Positional plagiocephaly, more commonly known as infantile flat head, is a concern for many parents. Some cases of misshapen heads are attributed to birth trauma, but flattening is mainly associated with the child's sleeping position when he is placed on his back. The newborn's skull bones are somewhat soft and flexible, which makes them susceptible to pressure. The "Back to Sleep" campaign, which encourages the use of this sleeping position to avoid sudden infant death syndrome, has resulted in an increase in positional plagiocephaly; 1 in 300 babies is affected. Below are some steps you can take to help prevent and reverse infantile head flattening.
Step 1. Hold your newborn, most of the time, preferably in an upright position
The more time a child spends outside the crib, infant seat and rocking chair, the less pressure is applied to the baby's head
Step 2. Place the baby on his/her own tummy, on a firm surface, for short periods throughout the day
"The Time to Lean on Your Navel" not only prevents flattening of the head, it also helps with motor development. It helps babies strengthen their neck, arms and shoulder muscles
Step 3. Alternate your child's position in the crib
Put the baby's head facing the foot of the bed one day, and in an inverted position the next time. This encourages the baby to look in different directions.
Step 4. Switch arms each time you breastfeed your baby
Step 5. Rearrange your baby's bedroom occasionally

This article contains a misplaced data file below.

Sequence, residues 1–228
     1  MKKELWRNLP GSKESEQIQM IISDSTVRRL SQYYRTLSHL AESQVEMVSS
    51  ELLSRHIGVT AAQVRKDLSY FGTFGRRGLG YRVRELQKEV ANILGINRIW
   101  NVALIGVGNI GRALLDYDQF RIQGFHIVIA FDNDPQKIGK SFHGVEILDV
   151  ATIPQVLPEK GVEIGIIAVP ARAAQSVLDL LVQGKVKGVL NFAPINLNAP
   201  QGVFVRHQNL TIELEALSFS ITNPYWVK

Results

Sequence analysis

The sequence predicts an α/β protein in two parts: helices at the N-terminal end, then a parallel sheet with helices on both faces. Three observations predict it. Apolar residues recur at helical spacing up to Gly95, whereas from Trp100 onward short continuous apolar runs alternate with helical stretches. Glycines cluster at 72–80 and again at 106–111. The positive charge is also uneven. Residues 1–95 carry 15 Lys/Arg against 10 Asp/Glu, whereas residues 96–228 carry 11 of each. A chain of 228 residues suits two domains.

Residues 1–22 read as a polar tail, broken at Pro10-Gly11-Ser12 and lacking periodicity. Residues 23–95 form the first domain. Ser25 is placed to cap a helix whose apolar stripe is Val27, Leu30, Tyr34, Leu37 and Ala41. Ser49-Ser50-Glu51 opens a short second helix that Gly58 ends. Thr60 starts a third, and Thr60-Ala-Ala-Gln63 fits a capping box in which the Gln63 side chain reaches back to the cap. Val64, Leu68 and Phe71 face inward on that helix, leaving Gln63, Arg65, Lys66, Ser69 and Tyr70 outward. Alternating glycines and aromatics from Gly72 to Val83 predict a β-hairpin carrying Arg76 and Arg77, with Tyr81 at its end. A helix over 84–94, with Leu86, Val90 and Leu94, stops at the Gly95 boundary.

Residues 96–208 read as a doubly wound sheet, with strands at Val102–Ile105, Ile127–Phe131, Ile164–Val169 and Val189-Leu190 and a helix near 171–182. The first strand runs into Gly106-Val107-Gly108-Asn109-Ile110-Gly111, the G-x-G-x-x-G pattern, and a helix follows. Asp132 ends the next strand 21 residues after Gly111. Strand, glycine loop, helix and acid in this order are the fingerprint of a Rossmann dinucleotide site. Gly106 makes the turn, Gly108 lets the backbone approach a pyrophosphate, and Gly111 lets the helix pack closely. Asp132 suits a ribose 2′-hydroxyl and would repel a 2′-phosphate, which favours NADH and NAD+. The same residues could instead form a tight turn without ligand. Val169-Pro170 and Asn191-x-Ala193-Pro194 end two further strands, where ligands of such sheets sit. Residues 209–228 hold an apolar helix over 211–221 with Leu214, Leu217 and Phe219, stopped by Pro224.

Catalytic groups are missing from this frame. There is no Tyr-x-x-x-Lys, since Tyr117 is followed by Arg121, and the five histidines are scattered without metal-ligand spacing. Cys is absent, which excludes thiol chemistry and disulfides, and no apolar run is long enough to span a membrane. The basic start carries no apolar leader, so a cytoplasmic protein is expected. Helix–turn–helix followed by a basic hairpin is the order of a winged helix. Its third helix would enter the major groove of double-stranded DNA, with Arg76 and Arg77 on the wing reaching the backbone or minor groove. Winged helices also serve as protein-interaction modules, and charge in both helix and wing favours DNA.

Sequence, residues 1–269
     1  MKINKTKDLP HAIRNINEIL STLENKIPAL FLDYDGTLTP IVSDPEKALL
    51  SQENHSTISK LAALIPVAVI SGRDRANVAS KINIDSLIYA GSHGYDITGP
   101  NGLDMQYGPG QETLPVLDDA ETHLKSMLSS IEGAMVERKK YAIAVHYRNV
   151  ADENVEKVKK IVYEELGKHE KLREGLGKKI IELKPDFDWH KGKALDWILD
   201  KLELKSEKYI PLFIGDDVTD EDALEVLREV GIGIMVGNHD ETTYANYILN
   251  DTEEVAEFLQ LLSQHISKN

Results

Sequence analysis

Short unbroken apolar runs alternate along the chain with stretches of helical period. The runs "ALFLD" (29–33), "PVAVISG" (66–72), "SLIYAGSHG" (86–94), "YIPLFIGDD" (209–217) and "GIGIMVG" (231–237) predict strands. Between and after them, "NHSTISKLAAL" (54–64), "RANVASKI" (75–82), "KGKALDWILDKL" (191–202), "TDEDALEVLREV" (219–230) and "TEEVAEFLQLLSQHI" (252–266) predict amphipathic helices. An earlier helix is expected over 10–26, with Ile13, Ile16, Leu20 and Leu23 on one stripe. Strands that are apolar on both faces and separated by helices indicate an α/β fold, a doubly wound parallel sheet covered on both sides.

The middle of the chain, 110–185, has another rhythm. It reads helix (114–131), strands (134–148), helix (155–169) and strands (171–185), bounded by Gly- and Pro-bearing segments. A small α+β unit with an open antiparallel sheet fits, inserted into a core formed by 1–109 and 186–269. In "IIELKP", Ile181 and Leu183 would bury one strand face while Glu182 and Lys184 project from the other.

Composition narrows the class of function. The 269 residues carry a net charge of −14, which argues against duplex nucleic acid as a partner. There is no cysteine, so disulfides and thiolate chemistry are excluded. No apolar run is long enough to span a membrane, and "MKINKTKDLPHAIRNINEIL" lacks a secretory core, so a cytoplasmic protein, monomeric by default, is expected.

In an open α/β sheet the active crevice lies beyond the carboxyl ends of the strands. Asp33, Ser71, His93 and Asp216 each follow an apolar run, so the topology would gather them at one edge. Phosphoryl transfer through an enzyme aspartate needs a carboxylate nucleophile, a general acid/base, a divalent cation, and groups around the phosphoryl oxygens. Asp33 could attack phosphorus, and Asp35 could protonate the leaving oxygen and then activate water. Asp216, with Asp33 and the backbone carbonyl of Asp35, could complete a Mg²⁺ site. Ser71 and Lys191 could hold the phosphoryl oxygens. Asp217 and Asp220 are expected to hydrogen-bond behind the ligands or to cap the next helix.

Try placing the crib in another area of the room to give the baby a new point of view. This can prevent the child from regularly looking in the same direction.
Step 6. Vary your baby's activities throughout the day
Don't leave your baby in the same position or location for long periods of time. Excessive use of swings and child seats can result in head flattening.
Step 7. Check with your pediatrician if your newborn has a flattened head, or if their ears, eyes, or forehead look uneven
While in most cases this is plagiocephaly, some head deformities are caused by craniosynostosis, which is a serious condition that requires surgery.
- If your child is diagnosed with positional plagiocephaly, your doctor may advise you to take the above steps and wait to see if the condition improves. Most flattenings become rounded over time.
- More severe cases may require reshaping of the skull using a custom made helmet or corrective band.
- Use only the baby pillow, which is safe (airflow safety and medically approved) and avoid using memory foams (those that mold due to pressure from the body) and cotton materials due to the potential danger of suffocation.
- Never put a newborn to sleep on his stomach, even if he or she has developed the head flattening. Do this to avoid the potential risk of SIDS (Sudden Infant Death Syndrome).
- Early intervention is the key to avoiding the expensive and painful treatment helmet.
- Avoid using seats, chairs, and swings that have not been medically approved; this includes mattresses, mats and pillows. Consult the child and newborn safety agencies websites for further details.